Flexibility is one of the things I love most about the Neo-Pagan movement. Many people (myself included) feel empowered to meld different spiritual practices to create something that speaks to our individual needs, and that’s a powerful thing. The amalgamated term “Zen Pagan” is one example of the beautiful fluidity and flexibility of modern Pagan practice. When I had the opportunity to read Why Buddha Touched the Earth: Zen Paganism for the 21st Century, by Tom Swiss, I jumped at the chance.
Packed with history, travel memories, and poetry, this book is a dense resource that is best read in small bites, and the chapters are perfectly structured for a leisurely read. Each section begins with a bit of contemplative memoir before diving into the history of Zen, the history of modern Paganism and witchcraft, and even the connection between the Transcendentalists, the Beat poets, and magic. Swiss has clearly done his research, but he maintains a friendly tone reminiscent of Zen koans as he covers centuries of history. The connection between Zen and Paganism, according to Swiss, is simple: “both emerge from the need to build a spirituality capable of dealing with the radical changes in human civilization we are undergoing” (p. 22).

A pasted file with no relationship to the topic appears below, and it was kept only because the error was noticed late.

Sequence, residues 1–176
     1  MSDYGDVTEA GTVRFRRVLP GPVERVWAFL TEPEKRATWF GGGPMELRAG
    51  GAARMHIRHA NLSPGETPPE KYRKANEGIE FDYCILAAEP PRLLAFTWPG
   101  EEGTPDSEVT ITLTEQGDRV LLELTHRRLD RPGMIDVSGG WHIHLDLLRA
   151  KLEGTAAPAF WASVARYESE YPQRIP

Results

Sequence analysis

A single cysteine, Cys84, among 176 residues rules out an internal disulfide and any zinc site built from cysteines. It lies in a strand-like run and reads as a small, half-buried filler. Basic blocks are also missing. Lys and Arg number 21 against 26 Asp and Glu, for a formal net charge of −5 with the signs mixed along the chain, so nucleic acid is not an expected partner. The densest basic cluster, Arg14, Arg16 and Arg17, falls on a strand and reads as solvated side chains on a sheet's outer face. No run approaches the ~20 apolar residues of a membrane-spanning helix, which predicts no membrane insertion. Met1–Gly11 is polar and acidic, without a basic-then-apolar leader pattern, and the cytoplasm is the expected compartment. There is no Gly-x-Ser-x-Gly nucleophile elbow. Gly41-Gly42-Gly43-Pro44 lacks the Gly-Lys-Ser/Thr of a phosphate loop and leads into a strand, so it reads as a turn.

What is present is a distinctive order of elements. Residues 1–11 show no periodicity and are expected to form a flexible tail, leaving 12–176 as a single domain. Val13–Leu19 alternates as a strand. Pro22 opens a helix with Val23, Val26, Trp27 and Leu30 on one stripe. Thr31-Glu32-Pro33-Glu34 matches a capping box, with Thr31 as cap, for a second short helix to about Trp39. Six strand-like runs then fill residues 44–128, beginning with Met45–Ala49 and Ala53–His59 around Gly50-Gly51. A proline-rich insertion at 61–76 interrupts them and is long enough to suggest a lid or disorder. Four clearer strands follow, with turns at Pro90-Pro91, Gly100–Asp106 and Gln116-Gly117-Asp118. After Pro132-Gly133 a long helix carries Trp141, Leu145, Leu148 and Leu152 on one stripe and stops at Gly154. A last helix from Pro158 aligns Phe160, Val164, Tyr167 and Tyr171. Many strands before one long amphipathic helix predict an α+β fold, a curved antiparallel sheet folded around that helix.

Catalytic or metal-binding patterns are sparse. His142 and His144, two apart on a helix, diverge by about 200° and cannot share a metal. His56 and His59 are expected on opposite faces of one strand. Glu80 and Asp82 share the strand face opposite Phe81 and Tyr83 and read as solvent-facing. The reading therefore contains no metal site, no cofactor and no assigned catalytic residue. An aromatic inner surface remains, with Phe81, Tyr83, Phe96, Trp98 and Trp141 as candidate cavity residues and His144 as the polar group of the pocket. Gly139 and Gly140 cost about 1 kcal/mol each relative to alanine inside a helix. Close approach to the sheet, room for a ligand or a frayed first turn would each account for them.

From this place of cultural change, Swiss traces the influences of Zen and Paganism on each other, not to mention various other religious and cultural movements. His research stretches back to the Industrial Revolution and beyond, weaving together environmental issues, historical events, and cultural shifts to paint a fascinating spiritual picture of the last two centuries. His book, much like the philosophy he presents, is organic: “everything depends on the conditions created by everything else for its existence, and these conditions are constantly changing” (pg. 45).
While I don’t necessarily feel like a newly minted Zen Pagan expert after reading this book, I certainly enjoyed it, and it made me consider a lot of aspects of culture (and counter culture) in a different light. It’s a thought-provoking, fascinating read, and one that I am likely to revisit in the future.
Like Zen and like Paganism, readers will take away from this book whatever matters most to them, and that’s a powerful thing. As Swiss reminds us, “it is the key to meditation, shamanism, and magic in all their forms: change your mind, change the world” (pg. 113).